‘That visit went a long way in helping me get better’
Story by Janet Mezzarobba
Jan Eaton has spent most of her life caring for animals.
A dedicated animal advocate, the Strathmore woman has spent much of her 51 years caring for and enriching the lives of not only her own animals but those she’s cared for in her ‘doggy daycare.’
But after being rushed to the Peter Lougheed Centre last December with a near-fatal blood clot in her lung, the tables were turned when her beloved horse, Prince, came to her aid, providing strength and devotion to Eaton when she needed it most.
“My mom has spent most of her life caring for animals,” says Heather Thornley, Eaton’s 26-year-old daughter. “So when the suggestion was made by mom’s nurses for Prince, her horse, to visit her at the hospital, I knew that was exactly what she needed to lift her spirits.”
Registered nurse Kimberly Pennell, site manager during the day of the reunion, also loved the idea. She was one of the many intensive care unit (ICU) staff members who worked to make the visit happen.
“Jan was going through a long and difficult stay,” Pennell says.
“She had been struggling with depression as she worked through the difficult process of rehabilitation, and her entire care team wanted to do something to cheer her up. Some of her nurses had noticed photos of Jan and her horse – and that’s when the seed was planted.”
With the help of staff from ICU, Critical Care and Protection Services, plans were made with the patient’s family to have the horse brought to the Peter Lougheed Centre.
“I knew that seeing her horse, Prince, would mean the world to her,” says Thornley. “Prince always brings such joy to her, and a visit from him would encourage her to get better so she could get out and ride again.”
Despite -20 C temperatures, arrangements were made for the 16-year-old quarter horse cross to see Eaton.
“We often have visits from dogs and other small pets but, from what I know, we have never had a horse come to the site,” says Pennell.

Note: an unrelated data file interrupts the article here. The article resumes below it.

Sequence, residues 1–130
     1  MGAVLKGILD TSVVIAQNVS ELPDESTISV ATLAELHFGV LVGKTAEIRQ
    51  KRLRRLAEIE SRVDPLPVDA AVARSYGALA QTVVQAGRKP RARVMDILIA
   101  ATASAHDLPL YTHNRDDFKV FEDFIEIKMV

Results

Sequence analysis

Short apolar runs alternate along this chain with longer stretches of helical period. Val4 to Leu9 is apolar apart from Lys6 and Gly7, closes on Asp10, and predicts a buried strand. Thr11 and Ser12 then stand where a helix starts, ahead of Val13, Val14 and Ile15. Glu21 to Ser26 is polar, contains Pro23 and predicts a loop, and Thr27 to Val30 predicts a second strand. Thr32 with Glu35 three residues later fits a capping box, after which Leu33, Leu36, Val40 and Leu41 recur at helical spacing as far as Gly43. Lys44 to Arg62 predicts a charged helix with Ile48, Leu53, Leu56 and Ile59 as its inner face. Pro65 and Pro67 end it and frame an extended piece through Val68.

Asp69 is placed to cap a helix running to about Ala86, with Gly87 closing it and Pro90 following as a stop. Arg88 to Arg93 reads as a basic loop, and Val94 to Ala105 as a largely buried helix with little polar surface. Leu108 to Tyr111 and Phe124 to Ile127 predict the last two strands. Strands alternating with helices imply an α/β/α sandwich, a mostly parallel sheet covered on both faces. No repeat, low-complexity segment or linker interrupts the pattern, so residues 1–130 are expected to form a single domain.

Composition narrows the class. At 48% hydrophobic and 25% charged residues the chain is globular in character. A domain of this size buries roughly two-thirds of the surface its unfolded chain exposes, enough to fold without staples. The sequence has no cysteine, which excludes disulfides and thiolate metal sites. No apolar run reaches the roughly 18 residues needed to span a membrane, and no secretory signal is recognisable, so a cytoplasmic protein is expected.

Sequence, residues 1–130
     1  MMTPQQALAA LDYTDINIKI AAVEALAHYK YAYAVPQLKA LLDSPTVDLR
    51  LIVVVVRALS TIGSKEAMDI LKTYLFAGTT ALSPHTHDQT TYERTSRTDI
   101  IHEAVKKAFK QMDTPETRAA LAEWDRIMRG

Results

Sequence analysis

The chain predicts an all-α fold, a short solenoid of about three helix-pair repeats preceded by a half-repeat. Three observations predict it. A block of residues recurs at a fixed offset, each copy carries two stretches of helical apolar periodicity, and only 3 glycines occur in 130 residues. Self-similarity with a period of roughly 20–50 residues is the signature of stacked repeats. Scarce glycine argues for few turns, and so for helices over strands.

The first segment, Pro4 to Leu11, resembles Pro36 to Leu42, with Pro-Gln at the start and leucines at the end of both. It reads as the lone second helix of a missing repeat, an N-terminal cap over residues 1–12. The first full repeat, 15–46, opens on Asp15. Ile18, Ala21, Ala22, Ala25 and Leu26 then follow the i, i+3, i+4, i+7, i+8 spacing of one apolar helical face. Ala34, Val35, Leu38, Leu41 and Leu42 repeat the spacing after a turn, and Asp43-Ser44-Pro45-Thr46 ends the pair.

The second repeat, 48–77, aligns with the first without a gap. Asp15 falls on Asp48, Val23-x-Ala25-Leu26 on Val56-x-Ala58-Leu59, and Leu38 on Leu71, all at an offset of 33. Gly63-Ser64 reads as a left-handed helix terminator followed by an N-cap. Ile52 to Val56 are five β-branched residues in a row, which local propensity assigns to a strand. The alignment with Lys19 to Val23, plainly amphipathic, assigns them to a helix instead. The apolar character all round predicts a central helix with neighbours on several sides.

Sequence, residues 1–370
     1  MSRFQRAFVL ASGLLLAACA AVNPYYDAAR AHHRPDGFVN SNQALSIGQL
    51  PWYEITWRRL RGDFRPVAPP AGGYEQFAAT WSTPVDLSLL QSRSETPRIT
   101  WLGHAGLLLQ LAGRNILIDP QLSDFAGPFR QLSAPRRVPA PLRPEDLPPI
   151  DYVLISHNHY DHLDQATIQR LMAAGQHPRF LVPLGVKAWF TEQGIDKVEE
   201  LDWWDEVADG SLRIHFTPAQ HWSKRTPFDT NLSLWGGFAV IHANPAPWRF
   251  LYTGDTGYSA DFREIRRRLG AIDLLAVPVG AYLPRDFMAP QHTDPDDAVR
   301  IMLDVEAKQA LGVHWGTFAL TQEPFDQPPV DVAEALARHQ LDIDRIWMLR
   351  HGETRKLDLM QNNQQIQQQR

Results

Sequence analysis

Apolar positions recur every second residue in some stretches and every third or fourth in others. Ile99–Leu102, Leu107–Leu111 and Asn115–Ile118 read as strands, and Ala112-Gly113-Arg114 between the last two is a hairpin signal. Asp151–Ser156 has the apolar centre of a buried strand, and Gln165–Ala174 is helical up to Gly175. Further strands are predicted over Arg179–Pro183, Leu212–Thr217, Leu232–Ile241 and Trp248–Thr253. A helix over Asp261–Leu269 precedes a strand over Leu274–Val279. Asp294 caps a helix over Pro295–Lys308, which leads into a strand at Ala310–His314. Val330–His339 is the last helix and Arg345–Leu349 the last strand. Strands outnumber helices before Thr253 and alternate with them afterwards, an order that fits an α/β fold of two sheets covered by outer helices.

The AHS Pet Policy allows domesticated animals to visit patients in hospital, providing there are no safety or health concerns.
“We bundled Jan up and wheeled her chair out to the parking lot where Prince and her family were waiting,” Pennell recalls.
Eaton, who remains in hospital, remembers how happy she was when she saw Prince.
“I was absolutely thrilled when I saw Prince’s ears perk up as he saw me peeking out from under my blankets,” Eaton says.
“People refer to him as my ‘other man.’ He came over, tried to kiss me, nuzzle my face and, at one point, he even tried to rip the blankets off me. I can’t tell you how happy it made me to see him. Seeing him helped me begin to feel like myself again, and I know that visit went a long way in helping me get better and out of ICU.
“That visit helps me through each day as it reminds me of the freedom I’m going to feel when I get up and ride him again.”
Her daughter agrees.
“I am so thankful to the staff for helping make this happen,” Thornley says.
“Allowing my mom to see Prince broke up the monotony of needles, treatments and beeping machines and reminded her there is life outside of her hospital bed. I am so grateful to everyone who helped make this happen as I know it has helped her get to where she is today. It’s a day I, too, will never forget.”